In a recent article in the New York Times, the pearl-clutching over rising civilian gun ownership in Philadelphia went unexpectedly off the anti-gun rails when they talked to the city’s infamous prosecutor, Larry Krasner.
Krasner has taken a lot of heat for his
non-prosecution handling of criminals in the City of Brotherly Love, like many of his fellow “progressive” prosecutors supported by George Soros. The mayor, the police commissioner, the police union, and Republican state lawmakers have all taken turns publicly attacking him and his office’s policies.
This article focuses on gun ownership — both legal and not — that has skyrocketed in the increasingly dangerous city. The number of those carrying legally has soared.
The Times notices this with horror.
The number of firearm licenses issued in the city jumped to more than 52,000 in 2021, from around 7,400 in 2020.
It’s those without permits that Krasner has in mind.
His ideas about how police should handle those who carry illegally sound almost logical.
Krasner argues that arresting and imprisoning people for possessing a firearm doesn’t help lower crime but makes the problem worse by taking police time and resources away from actual violent crimes. He also points out that it chases off people investigators should talk to when investigating violent criminals.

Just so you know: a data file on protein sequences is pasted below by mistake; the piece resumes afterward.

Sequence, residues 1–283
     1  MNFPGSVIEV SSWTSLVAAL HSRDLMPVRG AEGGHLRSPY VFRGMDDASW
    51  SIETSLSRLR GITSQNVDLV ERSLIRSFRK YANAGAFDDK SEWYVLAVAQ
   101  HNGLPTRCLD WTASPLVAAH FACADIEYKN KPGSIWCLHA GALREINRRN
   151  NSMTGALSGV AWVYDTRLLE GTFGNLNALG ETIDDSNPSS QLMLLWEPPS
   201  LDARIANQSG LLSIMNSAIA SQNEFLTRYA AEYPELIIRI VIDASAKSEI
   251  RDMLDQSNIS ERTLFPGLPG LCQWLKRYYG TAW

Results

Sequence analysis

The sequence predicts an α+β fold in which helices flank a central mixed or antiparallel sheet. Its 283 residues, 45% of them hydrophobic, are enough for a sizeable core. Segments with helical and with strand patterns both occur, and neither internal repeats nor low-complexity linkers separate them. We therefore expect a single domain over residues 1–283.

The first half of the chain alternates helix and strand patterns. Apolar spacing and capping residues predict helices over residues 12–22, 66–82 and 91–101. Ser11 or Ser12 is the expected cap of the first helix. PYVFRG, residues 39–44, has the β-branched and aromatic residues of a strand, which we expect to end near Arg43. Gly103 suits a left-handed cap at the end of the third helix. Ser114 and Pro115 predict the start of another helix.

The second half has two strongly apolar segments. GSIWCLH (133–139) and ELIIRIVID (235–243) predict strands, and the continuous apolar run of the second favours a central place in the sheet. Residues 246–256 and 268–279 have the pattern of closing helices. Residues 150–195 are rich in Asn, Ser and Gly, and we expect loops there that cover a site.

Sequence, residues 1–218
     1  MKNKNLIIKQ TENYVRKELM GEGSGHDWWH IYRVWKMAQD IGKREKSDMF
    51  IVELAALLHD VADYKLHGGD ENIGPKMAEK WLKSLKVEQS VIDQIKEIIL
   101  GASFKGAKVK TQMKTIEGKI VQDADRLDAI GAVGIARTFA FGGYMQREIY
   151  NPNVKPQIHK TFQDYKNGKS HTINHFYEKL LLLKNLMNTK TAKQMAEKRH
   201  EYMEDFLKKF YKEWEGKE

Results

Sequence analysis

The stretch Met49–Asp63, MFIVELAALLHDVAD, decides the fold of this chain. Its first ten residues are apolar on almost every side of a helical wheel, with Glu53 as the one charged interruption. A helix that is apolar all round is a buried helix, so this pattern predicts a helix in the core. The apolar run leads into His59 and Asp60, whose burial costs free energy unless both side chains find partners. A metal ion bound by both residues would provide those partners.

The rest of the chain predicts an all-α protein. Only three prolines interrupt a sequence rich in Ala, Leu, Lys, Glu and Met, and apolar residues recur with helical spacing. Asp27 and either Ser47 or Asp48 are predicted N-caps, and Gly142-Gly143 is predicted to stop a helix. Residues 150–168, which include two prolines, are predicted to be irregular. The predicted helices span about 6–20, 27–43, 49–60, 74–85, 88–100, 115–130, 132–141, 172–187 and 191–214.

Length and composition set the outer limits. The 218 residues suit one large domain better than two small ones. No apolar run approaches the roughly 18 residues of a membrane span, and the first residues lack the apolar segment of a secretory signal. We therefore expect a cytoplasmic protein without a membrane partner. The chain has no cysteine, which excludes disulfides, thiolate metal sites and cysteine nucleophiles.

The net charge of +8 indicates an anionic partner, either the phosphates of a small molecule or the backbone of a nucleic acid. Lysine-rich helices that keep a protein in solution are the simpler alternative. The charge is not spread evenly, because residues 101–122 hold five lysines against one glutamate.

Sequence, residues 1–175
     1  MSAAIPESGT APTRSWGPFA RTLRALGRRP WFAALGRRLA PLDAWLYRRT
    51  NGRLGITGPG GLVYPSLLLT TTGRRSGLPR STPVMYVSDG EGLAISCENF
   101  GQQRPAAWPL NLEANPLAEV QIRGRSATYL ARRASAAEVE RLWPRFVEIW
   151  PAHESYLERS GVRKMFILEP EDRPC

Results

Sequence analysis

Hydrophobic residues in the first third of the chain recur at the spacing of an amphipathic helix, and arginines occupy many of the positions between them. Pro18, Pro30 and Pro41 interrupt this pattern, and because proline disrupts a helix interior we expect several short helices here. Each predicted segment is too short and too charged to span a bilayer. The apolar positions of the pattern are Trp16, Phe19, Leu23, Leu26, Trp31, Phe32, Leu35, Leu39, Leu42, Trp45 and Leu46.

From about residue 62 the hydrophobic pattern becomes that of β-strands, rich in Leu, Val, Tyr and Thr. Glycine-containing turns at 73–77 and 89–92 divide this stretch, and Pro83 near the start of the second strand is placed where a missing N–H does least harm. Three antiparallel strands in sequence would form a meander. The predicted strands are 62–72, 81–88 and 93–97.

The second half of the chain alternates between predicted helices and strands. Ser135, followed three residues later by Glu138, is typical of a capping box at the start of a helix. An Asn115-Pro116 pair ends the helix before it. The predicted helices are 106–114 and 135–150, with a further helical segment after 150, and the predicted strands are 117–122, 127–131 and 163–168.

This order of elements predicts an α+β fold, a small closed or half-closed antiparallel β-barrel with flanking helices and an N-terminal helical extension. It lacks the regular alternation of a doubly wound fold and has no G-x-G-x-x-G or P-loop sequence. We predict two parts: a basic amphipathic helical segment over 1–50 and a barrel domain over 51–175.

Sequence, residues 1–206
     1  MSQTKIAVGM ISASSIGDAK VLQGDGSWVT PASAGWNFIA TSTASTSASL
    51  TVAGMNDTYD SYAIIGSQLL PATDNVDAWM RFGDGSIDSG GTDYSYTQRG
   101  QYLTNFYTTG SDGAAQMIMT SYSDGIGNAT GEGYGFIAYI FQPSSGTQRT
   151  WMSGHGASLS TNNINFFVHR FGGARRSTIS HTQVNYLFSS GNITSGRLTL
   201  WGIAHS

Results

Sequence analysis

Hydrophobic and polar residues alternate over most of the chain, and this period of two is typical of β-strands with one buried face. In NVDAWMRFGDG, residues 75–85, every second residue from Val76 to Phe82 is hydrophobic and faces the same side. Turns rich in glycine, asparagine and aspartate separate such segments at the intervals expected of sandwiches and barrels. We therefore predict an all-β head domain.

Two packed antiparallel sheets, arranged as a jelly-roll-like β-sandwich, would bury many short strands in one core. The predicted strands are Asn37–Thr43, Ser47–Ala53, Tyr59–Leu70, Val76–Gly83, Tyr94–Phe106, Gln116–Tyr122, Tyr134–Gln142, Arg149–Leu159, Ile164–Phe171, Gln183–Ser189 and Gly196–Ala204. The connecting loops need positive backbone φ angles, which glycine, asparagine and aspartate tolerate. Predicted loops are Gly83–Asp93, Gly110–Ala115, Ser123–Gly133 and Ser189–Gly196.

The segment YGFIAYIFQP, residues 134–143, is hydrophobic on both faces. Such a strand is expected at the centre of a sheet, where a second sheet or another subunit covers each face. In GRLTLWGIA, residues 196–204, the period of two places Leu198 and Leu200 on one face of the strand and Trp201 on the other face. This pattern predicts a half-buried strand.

“You can make massive numbers of gun arrests, and you do not see significant reductions in shooting,” he told the Times.
Guess what? He’s right.
The city’s records show that police made no arrests in three-quarters of the 486 fatal shootings in Philly in 2021 (more than 300 so far this year). At the same time, they racked up a record number of arrests for having a gun without a permit.
Only a small fraction of the people who are arrested for carrying guns without permits are the ones driving the violence, Mr. Krasner said. He insisted that the city needed to focus instead on people who had already proven themselves dangerous and invest in advanced forensic technology to clear the hundreds of unsolved shootings.
“What is their theory — rather than go vigorously after the people who actually shoot the gun,” Mr. Krasner asked, “that we should take 100 people and put them in jail because one of them might shoot somebody?”
That could almost be a commercial for passage of constitutional carry in the Keystone State.
Some have come to see that gun control doesn’t work to reduce crime yet has other motives for promoting civilian disarmament. But, in Krasner’s comments, there are still some on the other side who recognize the failure of gun control laws as an effective tool against violent crime.
When they acknowledge that gun control doesn’t work, it’s worth noticing.